NCPSSM President Max Richtman and Policy Director Dan Adcock were at the White House Tuesday as the Biden administration released the names of the first ten drugs to be subject to price negotiation between Medicare and Big Pharma. They are some of the most common and most expensive prescription medications that seniors take.  These essential medications do everything from preventing blood clots and strokes to treating diabetes, and they will soon cost a lot less for the federal government and for patients.

“This is a sea change in the government’s ability to lower prescription drug prices for older Americans, who all too often are compelled to ration medications or forgo filling prescriptions because of soaring costs.” – Max Richtman, NCPSSM President & CEO, 8/29/23

The Inflation Reduction Act of 2022 empowered Medicare to begin negotiating prices for targeted prescription drugs, something advocates including NCPSSM have struggled to achieve for more than twenty years. Here is a list of the first ten drugs that will be subject to price negotiation with Medicare:

  1. Eliquis, for preventing strokes and blood clots
  2. Jardiance, for diabetes and heart failure
  3. Xarelto,for preventing strokes and blood clots
  4. Januvia, for diabetes
  5. Farxiga, for diabetes, heart failure and chronic kidney disease
  6. Entresto, for heart failure
  7. Enbrel, for arthritis and other autoimmune conditions
  8. Imbruvica, for blood cancers
  9. Stelara, for Crohn’s disease
  10. Fiasp andNovoLog insulin products for diabetes

Drugmakers made a whopping $493 billion in revenue from these ten drugs, which have accounted for more than $170 billion in gross Medicare spending, according to a report from the nonprofit, Protect Our Care.

President Biden hailed the release of the first ten medications for negotiation as a victory for everyday Americans, who have been subject to price gouging by the drug industry. “There is no reason why Americans should be forced to pay more than any developed nation for life-saving prescriptions just to pad Big Pharma’s pockets,” he said

According to the White House, the 9 million seniors who take the ten targeted drugs will see their costs decrease. These seniors currently pay up to $6,500 in out-of-pocket costs per year for these prescriptions. The nonpartisan Congressional Budget Office reports that this will save taxpayers $160 billion by reducing how much Medicare pays for drugs through negotiation and inflation rebates.

The seniors who have been victimized by price gouging and now will finally get some relief are front of mind for advocates, including Patients for Affordable Drugs Now. The group quotes a Medicare beneficiary in North Carolina who lives with a rare cancer and type 2 diabetes:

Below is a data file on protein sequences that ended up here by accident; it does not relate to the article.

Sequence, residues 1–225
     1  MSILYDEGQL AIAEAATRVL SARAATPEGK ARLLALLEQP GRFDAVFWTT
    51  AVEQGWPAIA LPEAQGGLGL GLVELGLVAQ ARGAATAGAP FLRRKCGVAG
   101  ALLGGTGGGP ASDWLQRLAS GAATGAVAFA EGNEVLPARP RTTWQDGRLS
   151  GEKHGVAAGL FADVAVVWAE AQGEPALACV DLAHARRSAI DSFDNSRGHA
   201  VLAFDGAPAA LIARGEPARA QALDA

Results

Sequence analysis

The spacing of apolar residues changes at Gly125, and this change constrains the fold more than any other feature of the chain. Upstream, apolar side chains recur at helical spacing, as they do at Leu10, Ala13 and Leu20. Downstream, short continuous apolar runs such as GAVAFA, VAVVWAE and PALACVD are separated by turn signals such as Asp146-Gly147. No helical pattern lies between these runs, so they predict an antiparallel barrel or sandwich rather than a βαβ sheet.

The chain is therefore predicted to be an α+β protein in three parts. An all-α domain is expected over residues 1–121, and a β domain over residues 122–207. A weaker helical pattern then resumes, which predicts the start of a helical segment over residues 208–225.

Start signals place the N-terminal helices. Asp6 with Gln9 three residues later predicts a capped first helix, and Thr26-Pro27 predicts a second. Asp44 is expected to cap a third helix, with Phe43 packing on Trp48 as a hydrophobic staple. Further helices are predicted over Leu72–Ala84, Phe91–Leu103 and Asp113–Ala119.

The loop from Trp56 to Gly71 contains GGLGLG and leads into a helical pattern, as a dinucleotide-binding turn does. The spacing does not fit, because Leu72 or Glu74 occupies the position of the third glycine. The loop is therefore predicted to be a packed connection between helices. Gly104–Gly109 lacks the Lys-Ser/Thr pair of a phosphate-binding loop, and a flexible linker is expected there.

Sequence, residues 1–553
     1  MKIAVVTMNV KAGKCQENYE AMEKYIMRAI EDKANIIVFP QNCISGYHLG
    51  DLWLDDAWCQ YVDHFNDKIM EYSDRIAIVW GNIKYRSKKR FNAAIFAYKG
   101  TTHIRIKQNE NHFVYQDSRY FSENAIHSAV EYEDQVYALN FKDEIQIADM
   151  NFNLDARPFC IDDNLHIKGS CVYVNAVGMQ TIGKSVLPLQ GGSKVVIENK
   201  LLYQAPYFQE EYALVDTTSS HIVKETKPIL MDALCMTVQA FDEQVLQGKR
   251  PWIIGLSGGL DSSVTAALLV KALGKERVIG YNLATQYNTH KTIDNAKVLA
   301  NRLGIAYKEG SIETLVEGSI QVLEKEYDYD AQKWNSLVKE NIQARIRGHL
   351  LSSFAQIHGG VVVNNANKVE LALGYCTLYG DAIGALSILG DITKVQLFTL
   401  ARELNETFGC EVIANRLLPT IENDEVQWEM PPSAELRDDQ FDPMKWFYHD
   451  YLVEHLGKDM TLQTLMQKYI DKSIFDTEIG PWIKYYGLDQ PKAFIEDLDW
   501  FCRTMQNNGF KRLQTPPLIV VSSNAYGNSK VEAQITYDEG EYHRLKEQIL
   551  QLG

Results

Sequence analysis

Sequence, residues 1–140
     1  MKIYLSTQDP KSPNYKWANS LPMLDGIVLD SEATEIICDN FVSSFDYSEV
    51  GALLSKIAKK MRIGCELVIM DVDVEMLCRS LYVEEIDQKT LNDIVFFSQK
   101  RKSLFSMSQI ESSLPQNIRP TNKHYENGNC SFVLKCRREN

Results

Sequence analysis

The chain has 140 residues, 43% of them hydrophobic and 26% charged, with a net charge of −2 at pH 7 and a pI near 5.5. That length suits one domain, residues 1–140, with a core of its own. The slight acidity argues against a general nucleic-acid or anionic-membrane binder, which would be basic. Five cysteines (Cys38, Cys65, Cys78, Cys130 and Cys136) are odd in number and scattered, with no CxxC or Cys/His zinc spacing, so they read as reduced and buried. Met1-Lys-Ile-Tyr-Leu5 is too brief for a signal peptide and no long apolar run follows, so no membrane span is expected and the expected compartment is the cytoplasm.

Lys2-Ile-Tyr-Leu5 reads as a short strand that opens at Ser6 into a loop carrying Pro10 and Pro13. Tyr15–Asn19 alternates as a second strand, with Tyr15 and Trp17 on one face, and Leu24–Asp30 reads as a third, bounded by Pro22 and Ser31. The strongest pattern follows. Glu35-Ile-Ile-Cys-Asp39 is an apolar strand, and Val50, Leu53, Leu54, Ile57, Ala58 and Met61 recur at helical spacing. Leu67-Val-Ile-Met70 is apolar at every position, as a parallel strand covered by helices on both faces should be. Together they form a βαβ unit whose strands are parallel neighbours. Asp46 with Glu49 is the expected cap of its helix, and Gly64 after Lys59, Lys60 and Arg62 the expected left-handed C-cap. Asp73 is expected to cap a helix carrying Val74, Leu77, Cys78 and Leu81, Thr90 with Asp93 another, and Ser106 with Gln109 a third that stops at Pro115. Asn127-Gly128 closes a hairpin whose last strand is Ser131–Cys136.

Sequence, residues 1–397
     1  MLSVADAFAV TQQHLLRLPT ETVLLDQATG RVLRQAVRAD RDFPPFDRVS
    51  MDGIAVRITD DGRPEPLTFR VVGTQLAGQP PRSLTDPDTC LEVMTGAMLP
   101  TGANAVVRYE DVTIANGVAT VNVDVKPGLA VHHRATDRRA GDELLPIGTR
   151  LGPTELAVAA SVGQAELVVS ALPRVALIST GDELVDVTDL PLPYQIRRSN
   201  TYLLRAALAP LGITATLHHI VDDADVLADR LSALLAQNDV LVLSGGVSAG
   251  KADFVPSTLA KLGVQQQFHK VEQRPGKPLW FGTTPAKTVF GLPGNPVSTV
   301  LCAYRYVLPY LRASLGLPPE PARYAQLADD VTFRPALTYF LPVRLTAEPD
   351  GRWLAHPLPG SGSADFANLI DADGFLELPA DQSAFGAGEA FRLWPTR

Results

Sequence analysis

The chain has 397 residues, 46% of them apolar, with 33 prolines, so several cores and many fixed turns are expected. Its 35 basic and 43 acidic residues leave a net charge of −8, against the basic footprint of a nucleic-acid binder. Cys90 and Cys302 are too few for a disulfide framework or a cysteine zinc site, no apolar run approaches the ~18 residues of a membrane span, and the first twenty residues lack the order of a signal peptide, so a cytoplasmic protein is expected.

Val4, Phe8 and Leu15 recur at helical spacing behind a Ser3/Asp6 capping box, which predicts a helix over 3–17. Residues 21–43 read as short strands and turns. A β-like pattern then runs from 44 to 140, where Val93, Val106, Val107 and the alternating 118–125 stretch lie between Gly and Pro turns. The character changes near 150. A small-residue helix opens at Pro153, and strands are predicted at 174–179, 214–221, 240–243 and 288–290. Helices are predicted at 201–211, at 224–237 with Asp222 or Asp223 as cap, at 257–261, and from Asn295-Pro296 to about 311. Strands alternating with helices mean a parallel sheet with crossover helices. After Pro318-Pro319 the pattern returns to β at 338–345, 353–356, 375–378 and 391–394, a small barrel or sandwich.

“To treat my diabetes, I take Januvia, which carries a monthly list price of $547. Drugmaker Merck has made a fortune from patients like me who are forced to pay whatever price the company dictates. A fairer price for Januvia will mean a world of difference.” – Steven Hadfield, Matthews, NC

The list of drugs subject to negotiation will expand next year to 15, followed by another 15 medications the year after. Negotiated prices for the first ten drugs do not go into effect until 2026.

NCPSSM’s senior health policy expert, Anne Montgomery, says the Biden administration (HHS & CMS) did a “savvy job” of selecting the first set of drugs for negotiation because they are “ten of the highest cost and most commonly used medications” among seniors. “That’s very smart,” she says, “as a way of building a constituency among beneficiaries for the movement to lower drug prices.”

Several drugmakers are suing the Biden administration, claiming that Medicare drug price negotiation is unconstitutional — despite the fact that the V.A. has been successfully negotiating drug prices with Big Pharma for years. Administration officials say that they believe the drug companies have a weak case and will not prevail.

Advocates like NCPSSM are not resting with the implementation of the Inflation Reduction Act’s drug provisions. “The next step is to enlarge the number and type of medications subject to negotiation, to deliver maximum relief to seniors on fixed incomes,” says Richtman. “No one should have to choose between groceries, rent, or essential medications — especially our nation’s senior citizens.”